April 28, 2005

Close to Boiling

One analogy that is often used to describe situations that are steadily getting worse without active complaint is the story of the frog put into a bucket of lukewarm water and its passivity while the water is slowly heated to boiling. The frog never recognizes the danger until it is too late. The result is a boiled and dead frog who did nothing to leave the bucket. How much will it take to see that the survival of our democracy is close to boiling?

Consider the tale that Dave of Seeing the Forest tells.

Senator Reid said something that I don't think the public is being made sufficiently aware of. He said that the Senate Parliamentarian has stated that this idea the Republicans have of changing the rules of the Senate to disallow filibusters of judicial nominations is itself against the rules of the Senate! (For one thing, the rule change itself could be filibustered, so the Republican insistence that 51 votes is enough to change the rules is against the rules.)

But the Republicans are saying no, they are just going to change the rule, regardless of what the Senate rules allow or do not allow. Just because they can, and no one can stop them.

I think the implications of this are disturbing, to say the least. The Republicans are saying they just will not follow the rules of the Senate, because they have the power to say this, and that's that. Rules will no longer apply. And as I understand it the Democrats can't take this to the courts, because separation of powers prevents the courts from getting involved with the internal rules of the Senate.

Add in Bill Scher's analysis of the reasons that the Republicans decided to resurrect the Ethics Committee. (Hint, it is not to investigate DeLay, but rather to have a tool to go after Democrats in order to muddy the waters.) The Republicans including President Bush are backing DeLay and will do whatever they can to destroy the Democrats who have embarrassed them. This is *not* business as normal.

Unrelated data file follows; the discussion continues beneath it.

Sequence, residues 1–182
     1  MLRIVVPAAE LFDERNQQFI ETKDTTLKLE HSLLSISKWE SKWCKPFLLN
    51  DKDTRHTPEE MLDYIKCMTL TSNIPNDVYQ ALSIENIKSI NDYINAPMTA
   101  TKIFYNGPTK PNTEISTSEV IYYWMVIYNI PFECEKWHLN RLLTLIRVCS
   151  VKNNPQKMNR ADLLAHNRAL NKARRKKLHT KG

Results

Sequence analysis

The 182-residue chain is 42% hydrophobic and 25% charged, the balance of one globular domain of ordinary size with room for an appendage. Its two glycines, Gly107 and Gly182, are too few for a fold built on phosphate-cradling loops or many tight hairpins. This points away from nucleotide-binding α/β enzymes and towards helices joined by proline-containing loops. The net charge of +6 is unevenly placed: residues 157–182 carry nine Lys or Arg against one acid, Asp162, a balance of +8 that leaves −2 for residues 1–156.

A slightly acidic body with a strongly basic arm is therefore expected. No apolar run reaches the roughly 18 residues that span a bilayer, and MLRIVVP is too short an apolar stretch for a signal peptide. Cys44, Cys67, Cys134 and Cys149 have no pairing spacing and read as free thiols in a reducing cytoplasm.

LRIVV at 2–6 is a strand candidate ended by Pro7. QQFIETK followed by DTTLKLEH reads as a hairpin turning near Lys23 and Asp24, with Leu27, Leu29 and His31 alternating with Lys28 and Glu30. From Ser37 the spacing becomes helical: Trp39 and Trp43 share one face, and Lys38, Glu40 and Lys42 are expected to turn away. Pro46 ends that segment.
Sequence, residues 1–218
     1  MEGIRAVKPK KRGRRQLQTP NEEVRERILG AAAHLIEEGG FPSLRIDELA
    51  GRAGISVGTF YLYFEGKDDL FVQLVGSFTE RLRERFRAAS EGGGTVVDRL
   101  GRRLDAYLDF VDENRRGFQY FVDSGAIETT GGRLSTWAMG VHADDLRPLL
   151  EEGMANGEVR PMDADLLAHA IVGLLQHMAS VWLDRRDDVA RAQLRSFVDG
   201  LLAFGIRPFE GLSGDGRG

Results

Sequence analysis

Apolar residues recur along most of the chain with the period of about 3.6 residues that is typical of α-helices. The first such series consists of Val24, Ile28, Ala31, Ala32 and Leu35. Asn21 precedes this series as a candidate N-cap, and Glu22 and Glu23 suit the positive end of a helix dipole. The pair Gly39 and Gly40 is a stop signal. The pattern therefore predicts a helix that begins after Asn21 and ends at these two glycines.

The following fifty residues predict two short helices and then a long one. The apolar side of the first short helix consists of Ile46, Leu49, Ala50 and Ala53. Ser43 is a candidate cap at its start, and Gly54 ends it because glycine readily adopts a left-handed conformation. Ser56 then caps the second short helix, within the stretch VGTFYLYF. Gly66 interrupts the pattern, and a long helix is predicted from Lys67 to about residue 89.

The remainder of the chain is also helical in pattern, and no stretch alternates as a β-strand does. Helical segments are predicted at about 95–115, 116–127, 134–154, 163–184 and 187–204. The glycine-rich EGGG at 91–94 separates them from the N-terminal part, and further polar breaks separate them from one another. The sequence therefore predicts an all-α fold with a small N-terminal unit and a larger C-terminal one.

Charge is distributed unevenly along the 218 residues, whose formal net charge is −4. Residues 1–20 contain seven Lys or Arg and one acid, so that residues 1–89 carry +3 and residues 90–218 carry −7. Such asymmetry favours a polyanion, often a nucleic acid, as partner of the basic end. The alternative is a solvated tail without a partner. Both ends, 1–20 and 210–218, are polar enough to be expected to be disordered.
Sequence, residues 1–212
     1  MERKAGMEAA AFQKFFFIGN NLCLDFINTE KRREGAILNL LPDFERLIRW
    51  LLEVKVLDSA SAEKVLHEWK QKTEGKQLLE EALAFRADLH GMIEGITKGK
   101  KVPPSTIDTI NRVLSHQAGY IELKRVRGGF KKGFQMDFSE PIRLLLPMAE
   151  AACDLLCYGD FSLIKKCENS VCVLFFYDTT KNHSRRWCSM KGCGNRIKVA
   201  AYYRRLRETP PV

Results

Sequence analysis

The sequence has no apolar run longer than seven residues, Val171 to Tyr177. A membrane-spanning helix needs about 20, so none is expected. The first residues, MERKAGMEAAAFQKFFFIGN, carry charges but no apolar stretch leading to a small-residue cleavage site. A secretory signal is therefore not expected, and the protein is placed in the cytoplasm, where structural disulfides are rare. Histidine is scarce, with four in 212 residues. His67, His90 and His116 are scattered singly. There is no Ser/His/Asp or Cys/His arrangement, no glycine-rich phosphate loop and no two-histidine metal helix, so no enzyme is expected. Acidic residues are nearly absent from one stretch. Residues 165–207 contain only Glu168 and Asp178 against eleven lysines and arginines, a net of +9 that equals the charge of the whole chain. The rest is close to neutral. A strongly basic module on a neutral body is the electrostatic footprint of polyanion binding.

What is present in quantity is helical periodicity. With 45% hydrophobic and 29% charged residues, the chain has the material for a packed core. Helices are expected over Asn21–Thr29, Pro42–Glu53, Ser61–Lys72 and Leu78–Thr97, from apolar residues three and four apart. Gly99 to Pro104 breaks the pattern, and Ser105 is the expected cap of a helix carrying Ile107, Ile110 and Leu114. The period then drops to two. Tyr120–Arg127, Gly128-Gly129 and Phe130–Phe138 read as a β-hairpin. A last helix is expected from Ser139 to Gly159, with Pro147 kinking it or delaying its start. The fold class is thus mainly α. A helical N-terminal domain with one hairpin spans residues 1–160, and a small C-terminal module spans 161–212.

Then there is the act on the judges. On their road to consolidating power, they are attacking the independence of the courts and the undermining the constitution. And they are trying to create a religious war inside the United States by claiming the mantel of "Christian" for their side - a side that is firmly in bed with some of the more extreme hate groups. Orcinus warns that the passions unleashed in this round will not be easily calmed:

Of course, most Americans tend to take a right to privacy for granted, but little realize that it exists almost solely, according to Supreme Court rulings, as a Ninth-Amendment "natural right" not enumerated by the Constitution, or as a "penumbra" of other rights that have been written out.

Likewise, they understand that "separation of church and state" -- like "religious freedom" -- exists as a principle of the Constitution, even though the phrase doesn't appear written there. (The educated among us are even aware of the use of the phrase by founders Thomas Jefferson and James Madison in later explanatory letters.)

But what they little understand, for now, is that those rights are in the gunsights of the religious right -- and they are zeroing in even now.

The more thoughtful conservatives remaining in Republican ranks may hesitate for now. But the religious right has built up its impetus, and it seems unlikely that the GOP, in the end, will be able to resist going along for the ride.

At some point, the moderates of the GOP will wake up and see what they've helped create by their deal with the devil. And when they do, they will see how they've helped destroy the constitution and the concept of the rule of law that made this country a democratic republic. The water is getting very hot now.

Posted by Mary at April 28, 2005 06:52 AM | US Politics | Technorati links |

I don't hold out much hope for the Republican moderates. The way these things work historically, they are in the most danger of any of us.

Posted by: Dave Johnson at April 28, 2005 05:02 PM

In the wake of the issue concerning pharmacists, it is about time that the Left start educating people that the "right to privacy" was not established in the Roe abortion case but in the Griswold contraception case. How about the Left demand that the Right defend overturning Griswold every time the right advocates overturning Roe. The Left can advocate for women and the Right can advocate for pharmacists.

Seriously, I think the Left is missing an opportunity here.

Posted by: CMike at April 30, 2005 12:06 PM